Listen, I get certain exceptions. I get having to study longer. I get skipping a workout. All I am saying is be careful when you do so. Be careful when you allow your schedule to be flexible. Remember the first time you skipped class? The second time you decided to skip, I’m guessing it was easier. It’s that same logic. Be realistic but be careful.
How do I effectively adjust my schedule when it’s only for a certain week?
A typical example of this is if you have a test coming up on Friday and you need to spend more time studying or turns out you want to get together with your friends on Sunday instead of running those 10 miles.
My best advice is to get on it early. Be thinking about that “exception day/week” so you can plan. It’s about managing your time. You add something; you take something else away. If I need to study in the evening, that means I take away my evening free time. If my evening free time consists of watching YouTube – I don’t have a desire to catch-up later in the week. If my evening free time consists of a Bible study, then I just fit it in somewhere else in the schedule.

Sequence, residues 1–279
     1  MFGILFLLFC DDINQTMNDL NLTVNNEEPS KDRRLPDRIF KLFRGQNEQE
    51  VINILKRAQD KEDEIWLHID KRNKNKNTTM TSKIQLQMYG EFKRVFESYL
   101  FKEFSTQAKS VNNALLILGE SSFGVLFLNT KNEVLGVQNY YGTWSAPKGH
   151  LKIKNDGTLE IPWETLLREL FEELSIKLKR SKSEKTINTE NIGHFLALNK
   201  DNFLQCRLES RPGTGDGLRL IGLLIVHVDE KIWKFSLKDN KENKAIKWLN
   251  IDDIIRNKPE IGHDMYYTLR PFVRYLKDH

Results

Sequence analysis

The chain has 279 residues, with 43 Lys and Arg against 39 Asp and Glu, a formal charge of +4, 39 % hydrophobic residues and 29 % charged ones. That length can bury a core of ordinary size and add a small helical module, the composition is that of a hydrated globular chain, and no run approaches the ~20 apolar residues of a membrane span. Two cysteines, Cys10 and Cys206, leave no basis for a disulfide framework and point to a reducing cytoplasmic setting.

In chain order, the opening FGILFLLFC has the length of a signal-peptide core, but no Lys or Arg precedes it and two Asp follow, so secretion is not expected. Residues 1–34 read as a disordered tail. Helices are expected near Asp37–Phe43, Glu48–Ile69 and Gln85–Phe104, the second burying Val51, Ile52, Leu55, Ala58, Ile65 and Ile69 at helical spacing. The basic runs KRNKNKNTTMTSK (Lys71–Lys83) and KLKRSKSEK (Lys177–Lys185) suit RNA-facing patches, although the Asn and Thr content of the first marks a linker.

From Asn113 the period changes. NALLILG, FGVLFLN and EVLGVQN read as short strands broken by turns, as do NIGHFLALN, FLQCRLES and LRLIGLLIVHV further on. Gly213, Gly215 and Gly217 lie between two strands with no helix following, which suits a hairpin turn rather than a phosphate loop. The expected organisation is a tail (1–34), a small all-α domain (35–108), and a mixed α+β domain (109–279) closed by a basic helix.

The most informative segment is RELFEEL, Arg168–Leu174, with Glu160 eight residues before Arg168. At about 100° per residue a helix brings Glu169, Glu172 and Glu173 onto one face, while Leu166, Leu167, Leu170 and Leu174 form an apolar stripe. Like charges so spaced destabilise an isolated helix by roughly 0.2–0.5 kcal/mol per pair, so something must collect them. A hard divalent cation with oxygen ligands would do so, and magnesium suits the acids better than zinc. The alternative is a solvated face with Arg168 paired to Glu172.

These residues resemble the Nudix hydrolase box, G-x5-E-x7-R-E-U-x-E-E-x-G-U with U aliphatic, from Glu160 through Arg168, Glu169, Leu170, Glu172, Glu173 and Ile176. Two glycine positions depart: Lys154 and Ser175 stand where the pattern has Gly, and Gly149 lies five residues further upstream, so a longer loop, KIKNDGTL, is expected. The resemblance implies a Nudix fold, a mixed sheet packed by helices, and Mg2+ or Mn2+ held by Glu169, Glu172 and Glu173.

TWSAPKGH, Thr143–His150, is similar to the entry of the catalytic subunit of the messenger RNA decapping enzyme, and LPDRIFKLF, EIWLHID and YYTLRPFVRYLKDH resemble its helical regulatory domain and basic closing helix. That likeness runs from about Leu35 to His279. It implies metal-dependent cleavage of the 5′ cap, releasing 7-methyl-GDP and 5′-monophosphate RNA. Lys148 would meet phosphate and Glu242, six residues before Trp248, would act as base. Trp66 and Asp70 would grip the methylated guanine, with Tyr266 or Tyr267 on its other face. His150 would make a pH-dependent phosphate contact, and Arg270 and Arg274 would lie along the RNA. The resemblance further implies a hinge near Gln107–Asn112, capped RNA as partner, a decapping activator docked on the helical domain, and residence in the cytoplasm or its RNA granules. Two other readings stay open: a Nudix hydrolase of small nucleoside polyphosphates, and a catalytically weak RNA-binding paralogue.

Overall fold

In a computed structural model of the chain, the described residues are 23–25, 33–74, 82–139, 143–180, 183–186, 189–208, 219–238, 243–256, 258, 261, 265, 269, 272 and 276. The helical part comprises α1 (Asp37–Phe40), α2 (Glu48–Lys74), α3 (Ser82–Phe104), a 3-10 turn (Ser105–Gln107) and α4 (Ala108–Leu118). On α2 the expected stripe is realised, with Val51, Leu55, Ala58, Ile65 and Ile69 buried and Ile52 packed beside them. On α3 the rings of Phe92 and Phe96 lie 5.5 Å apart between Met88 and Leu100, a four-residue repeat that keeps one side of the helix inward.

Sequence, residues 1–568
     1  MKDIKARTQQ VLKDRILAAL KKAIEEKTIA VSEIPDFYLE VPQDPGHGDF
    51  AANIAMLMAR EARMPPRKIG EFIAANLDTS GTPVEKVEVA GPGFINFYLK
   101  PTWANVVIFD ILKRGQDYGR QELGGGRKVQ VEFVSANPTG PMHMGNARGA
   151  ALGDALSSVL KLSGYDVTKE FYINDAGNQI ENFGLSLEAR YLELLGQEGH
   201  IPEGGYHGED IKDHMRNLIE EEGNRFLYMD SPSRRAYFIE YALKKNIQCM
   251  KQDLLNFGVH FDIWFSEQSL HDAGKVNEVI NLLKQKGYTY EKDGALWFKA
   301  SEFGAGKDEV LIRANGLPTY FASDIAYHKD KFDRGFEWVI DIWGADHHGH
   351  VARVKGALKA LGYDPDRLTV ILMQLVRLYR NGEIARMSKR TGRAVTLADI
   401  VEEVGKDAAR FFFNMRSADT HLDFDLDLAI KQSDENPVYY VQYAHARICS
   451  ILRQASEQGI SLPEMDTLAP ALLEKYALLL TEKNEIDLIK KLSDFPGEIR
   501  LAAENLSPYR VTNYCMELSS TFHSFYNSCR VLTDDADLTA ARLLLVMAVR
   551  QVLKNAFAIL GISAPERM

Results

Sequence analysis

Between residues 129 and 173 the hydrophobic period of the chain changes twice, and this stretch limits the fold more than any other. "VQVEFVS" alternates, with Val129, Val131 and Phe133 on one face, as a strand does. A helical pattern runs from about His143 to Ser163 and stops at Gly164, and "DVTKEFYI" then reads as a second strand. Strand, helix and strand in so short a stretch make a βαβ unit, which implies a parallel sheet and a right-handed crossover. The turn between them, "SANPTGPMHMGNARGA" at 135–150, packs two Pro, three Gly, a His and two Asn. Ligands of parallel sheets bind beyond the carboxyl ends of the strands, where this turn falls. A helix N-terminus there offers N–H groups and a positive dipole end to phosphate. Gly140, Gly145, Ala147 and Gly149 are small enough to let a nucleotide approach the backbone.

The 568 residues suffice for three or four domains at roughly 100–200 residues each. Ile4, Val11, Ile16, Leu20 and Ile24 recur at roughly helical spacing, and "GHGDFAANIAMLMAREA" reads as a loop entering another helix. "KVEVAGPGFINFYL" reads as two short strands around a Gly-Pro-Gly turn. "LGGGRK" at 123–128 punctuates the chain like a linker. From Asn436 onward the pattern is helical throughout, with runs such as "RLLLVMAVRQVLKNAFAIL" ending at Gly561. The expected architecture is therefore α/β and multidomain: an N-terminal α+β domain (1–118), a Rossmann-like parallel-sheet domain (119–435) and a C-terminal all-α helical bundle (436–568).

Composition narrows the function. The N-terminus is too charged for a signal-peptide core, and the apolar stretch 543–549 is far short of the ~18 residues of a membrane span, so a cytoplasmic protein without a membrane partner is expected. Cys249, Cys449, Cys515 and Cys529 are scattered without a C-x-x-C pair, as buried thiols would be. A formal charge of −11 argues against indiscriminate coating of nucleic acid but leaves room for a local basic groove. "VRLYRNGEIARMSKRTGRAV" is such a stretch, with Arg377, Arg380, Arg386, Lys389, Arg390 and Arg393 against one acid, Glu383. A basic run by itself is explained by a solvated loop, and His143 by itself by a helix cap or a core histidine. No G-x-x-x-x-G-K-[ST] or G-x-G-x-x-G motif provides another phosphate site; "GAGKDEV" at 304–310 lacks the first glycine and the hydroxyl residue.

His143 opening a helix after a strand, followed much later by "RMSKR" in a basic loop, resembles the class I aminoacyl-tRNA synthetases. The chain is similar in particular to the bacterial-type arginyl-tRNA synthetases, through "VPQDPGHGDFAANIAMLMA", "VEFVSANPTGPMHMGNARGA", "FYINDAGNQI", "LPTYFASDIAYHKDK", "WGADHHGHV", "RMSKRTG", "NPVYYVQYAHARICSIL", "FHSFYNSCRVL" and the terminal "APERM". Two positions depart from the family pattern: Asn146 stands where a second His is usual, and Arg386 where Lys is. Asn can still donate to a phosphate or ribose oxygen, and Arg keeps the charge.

How do you fit it in? Be attentive to the gaps in your schedule. If my test is on Friday, chances are I don’t have to start on the homework on Saturday (like I normally would), and then I would fit in the Bible study that I’ve been replacing. It’s about noticing when you need to make exceptions and planning so you still have time for at least some things.
So in short, be thinking and planning ahead.
How do I have free time when I underestimated my work load?